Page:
Not feeling well?

Please don’t visit the hospital to visit your relatives or friends if you are unwell with symptoms of diarrhoea and vomiting in the last 48 hours, or if you have symptoms of influenza (flu).



Norovirus, sometimes known as the winter vomiting bug, is the most common stomach bug in the UK.  It is highly contagious and can affect people of all ages and causes vomiting and diarrhoea.  It can cause outbreaks in hospitals.

The main symptoms of Norovirus are:

  • Feeling sick (nausea)
  • Diarrhoea
  • Being sick (vomiting)

You may also have:

  • A high temperature
  • Headache
  • Aching arms and legs and generally feeling unwell


  • You can usually treat yourself or your family member at home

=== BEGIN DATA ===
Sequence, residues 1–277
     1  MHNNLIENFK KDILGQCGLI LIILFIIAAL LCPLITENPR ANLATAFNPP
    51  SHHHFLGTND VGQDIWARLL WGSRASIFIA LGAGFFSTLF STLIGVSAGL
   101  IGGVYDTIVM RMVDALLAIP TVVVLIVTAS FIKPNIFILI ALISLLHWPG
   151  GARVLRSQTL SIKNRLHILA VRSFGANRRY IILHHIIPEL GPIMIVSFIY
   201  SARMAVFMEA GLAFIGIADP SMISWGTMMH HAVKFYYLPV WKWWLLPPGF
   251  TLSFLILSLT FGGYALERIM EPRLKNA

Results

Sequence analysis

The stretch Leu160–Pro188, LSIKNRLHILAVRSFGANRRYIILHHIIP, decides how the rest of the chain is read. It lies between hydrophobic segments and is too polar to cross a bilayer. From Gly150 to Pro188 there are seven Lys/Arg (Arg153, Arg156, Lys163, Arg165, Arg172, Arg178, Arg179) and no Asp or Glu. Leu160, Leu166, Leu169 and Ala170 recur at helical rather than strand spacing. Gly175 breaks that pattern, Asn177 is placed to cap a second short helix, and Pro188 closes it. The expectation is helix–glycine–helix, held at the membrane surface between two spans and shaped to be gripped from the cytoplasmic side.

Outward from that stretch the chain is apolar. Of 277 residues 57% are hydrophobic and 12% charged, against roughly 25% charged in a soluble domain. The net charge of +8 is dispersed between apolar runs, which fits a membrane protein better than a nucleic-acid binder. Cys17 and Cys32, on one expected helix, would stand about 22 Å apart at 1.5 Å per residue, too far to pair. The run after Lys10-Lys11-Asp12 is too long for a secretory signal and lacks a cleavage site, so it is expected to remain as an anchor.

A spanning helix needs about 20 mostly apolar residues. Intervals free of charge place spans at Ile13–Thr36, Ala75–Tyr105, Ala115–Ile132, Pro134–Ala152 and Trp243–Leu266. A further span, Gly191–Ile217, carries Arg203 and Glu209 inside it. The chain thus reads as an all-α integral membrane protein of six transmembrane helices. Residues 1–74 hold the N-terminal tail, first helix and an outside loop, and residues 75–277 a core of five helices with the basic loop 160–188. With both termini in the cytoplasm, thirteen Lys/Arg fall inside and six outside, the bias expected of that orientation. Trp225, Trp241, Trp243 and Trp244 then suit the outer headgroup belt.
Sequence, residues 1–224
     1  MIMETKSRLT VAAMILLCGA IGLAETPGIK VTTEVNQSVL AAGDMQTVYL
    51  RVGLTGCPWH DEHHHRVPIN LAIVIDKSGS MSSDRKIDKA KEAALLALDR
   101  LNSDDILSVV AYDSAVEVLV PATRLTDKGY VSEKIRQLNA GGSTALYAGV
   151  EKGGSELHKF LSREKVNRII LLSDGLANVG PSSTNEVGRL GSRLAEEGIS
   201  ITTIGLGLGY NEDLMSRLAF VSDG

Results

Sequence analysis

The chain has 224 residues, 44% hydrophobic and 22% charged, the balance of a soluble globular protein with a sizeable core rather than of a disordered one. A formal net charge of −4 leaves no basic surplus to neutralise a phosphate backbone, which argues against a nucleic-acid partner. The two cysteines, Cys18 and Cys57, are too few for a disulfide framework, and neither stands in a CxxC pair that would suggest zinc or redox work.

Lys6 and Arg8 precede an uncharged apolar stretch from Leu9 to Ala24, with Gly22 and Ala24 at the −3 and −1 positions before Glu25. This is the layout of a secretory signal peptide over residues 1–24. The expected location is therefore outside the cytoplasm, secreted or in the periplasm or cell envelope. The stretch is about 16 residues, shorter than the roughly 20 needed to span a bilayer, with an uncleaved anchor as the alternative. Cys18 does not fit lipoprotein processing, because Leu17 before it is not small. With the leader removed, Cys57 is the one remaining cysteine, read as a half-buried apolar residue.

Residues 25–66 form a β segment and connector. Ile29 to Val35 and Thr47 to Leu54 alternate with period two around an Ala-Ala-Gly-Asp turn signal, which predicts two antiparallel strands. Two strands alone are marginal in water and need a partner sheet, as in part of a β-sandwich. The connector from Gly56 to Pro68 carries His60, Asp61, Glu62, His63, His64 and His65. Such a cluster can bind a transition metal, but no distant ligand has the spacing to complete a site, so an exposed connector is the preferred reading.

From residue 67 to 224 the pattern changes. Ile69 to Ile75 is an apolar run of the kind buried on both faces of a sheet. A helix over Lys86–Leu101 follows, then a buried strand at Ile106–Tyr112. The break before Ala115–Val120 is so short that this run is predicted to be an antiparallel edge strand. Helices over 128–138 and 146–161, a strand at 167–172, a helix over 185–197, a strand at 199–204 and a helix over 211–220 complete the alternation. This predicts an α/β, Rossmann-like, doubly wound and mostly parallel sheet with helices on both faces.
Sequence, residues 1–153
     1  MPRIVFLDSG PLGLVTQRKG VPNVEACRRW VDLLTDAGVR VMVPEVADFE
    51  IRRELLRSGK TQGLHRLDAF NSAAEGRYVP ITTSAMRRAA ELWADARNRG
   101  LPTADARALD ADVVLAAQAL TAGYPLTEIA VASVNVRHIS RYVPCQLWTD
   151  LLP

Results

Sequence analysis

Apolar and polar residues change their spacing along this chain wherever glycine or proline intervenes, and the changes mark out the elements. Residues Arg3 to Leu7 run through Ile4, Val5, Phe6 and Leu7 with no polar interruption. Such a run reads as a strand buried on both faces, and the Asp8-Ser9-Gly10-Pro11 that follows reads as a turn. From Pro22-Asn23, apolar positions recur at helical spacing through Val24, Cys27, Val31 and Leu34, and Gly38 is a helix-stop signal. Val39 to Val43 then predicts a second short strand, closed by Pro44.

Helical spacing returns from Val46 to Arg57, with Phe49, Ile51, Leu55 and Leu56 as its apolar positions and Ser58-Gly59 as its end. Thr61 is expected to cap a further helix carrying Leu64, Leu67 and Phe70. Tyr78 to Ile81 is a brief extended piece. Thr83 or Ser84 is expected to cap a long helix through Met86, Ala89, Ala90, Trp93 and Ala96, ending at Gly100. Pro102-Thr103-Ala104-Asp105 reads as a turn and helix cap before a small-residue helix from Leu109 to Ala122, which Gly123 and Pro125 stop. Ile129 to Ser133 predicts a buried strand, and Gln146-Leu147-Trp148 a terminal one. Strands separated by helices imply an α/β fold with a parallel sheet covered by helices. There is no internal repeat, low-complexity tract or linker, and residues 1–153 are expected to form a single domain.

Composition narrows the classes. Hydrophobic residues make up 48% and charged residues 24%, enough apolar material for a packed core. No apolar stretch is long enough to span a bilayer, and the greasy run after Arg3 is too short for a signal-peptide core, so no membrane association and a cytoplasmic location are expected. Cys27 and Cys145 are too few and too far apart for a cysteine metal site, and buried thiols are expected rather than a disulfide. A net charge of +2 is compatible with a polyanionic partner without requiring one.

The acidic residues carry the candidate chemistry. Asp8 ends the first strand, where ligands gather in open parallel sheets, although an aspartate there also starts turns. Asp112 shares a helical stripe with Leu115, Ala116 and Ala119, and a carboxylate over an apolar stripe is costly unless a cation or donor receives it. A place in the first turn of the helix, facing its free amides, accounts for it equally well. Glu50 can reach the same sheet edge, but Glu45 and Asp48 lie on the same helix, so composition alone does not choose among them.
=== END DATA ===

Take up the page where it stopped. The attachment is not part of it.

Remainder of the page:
• The most important thing to do is to rest and take fluids to avoid becoming dehydrated
  • You will usually start to feel better in 2 to 3 days

How to limit the spread of Norovirus:

  • Stay at home and get plenty of rest. Don’t return to work, visit the hospital to see relatives or friends, or send children back to school until 48 hours after symptoms have resolved
  • Wash your hands thoroughly and often with soap and water. Alcohol hand sanitisers don’t kill Norovirus
  • Use bleach-based household cleaners to disinfect household surfaces and commonly used objects and remember to include touchpoints such as light switches, remote controls, and when cleaning toilets, include the flush mechanism
  • Don’t cook or prepare meals for other people
  • Wash contaminated bedding and clothing on the hottest temperature the fabric can withstand